Pediatrics review of underage drinking prevention programs led by Iowa State researcher

June 25, 2008

[Underage drinking is a national concern that led the U.S. surgeon general to issue a "Call to Action to Prevent and Reduce Underage Drinking" (www.surgeongeneral.gov/topics/underagedrinking/) last year. Now, a new report by an Iowa State University researcher assesses the effectiveness of underage drinking prevention programs and provides a better idea of how to achieve key goals outlined by the surgeon general.

Lead author Richard Spoth, director of the Partnerships in Prevention Science Institute (PPSI) at Iowa State, along with co-authors Mark Greenberg and Robert Turrisi of Penn State, published "Preventive Interventions Addressing Underage Drinking: State of the Evidence and Steps Toward Public Health Impact" in the May issue of Pediatrics – the official journal of the American Academy of Pediatrics."The Pediatrics supplement underscores the scope of the underage drinking problem, reporting that over 4 million youths ages 12-17 drink monthly, and more than half of them have a drinking pattern that puts them at high risk for negative health and social consequences," Spoth said.

Out of the 400 interventions that the researchers identified and screened, 12 were defined as "most promising" because they met these six criteria:

"Essentially, interventions meeting criteria were those that had been tested through rigorous, well-designed studies consistent with accepted standards for intervention research, had demonstrated practically significant results, and had detailed summaries of intervention procedures," said Spoth.

Among the interventions that were listed as "Most Promising" for youths 10 to 15 years of age, were three from the Midwest -- the Midwestern Prevention Project/Project STAR, which involved 42 public middle and junior high schools and 3,412 students from Kansas City and Indianapolis; Project Northland, which involved 24 school districts in northeastern Minnesota; and ISU Extension's Strengthening Families Program: For Parents and Youth 10-14, which involved 36 public schools and 1,650 students in rural Iowa.

In addition to the "most promising" intervention programs, Spoth and his research colleagues also identified 29 that met criteria for "mixed or emerging" evidence.

"This review indicated that a number of preventive interventions significantly reduced the rate of alcohol use in studied underage populations, as well as bolstered protective factors among children that reduce risks for alcohol use," the authors wrote. "The review also underscores a number of advances in preventive interventions to address underage drinking over the past 15 years."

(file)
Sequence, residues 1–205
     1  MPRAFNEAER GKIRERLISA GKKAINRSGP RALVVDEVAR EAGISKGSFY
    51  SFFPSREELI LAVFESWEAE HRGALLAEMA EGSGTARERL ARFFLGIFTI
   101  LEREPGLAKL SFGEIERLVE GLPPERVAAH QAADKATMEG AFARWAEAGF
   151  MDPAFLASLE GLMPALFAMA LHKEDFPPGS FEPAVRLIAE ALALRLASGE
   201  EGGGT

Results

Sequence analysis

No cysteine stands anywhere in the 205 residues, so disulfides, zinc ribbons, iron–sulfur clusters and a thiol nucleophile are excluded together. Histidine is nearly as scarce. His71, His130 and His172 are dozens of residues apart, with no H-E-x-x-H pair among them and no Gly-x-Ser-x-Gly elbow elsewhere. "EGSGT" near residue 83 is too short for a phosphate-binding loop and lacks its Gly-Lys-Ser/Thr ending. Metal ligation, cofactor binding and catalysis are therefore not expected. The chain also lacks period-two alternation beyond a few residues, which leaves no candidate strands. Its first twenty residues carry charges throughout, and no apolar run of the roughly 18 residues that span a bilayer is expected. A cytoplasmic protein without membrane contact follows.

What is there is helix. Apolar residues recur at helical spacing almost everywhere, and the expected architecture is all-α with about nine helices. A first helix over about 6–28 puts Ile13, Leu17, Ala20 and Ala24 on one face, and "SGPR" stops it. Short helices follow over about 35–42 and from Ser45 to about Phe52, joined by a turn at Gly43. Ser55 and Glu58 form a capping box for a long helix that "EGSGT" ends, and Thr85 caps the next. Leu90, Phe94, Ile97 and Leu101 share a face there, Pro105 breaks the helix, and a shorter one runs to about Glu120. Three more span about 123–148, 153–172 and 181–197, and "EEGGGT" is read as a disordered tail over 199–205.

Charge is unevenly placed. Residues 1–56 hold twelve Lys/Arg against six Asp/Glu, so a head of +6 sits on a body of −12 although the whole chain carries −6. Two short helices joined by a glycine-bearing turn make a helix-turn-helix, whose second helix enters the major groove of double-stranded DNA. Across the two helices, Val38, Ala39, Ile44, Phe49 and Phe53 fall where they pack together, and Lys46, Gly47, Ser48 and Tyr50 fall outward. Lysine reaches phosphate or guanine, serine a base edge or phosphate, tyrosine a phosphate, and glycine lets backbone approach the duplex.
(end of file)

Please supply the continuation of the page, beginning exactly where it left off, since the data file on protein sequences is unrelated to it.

The program review responds to the surgeon general's 2007 Call to Action. It was also written as a companion piece to a review by the National Institute on Alcohol Abuse and Alcoholism Underage Drinking Initiative Steering Committee on the causes and consequences of underage drinking for three developmental periods -- less than 10 years of age, 10 to 15 years of age, and 16 to greater than or equal to 20 years of age.

"The Pediatrics supplement clarifies how important it is to view underage drinking in its developmental context, carefully considering the substantial changes that occur in biology and environment as children mature, and to factor those changes into the design of interventions," said Spoth, who received a letter of commendation from the director of the National Institute on Alcohol Abuse and Alcoholism for his work in the institute's underage drinking initiative, including this review.

In their report, Spoth and his research colleagues recommend improved coverage of intervention research, such as studies concerning tweens, young adults not attending college, and non-majority populations. They urge conducting more research that would help in the understanding of what the "active ingredients" are in each individual program, or why they're successful, in order to improve their design and effectiveness.

"The conclusion asks the question 'Where do we need more research?' 'What do we need to better understand this public health impact?,'" said Spoth, who also received the 2008 Prevention Science Award from the Society for Prevention Research for outstanding contributions to advancing the field of prevention science two weeks ago at the organizations' national meeting in San Francisco.

"For example, we need to understand more about university-community partnerships (like PPSI)," he said. "And we need to better understand factors that influence the effective distribution, dissemination or diffusion of these programs. It's understanding what you need to do to design it so that it's not only effective, but it reaches the prospective consumers that could benefit from it."

The article can be found online at: pediatrics.aappublications.org/cgi/content/full/121/Supplement_4/S311>.

Source: Iowa State University

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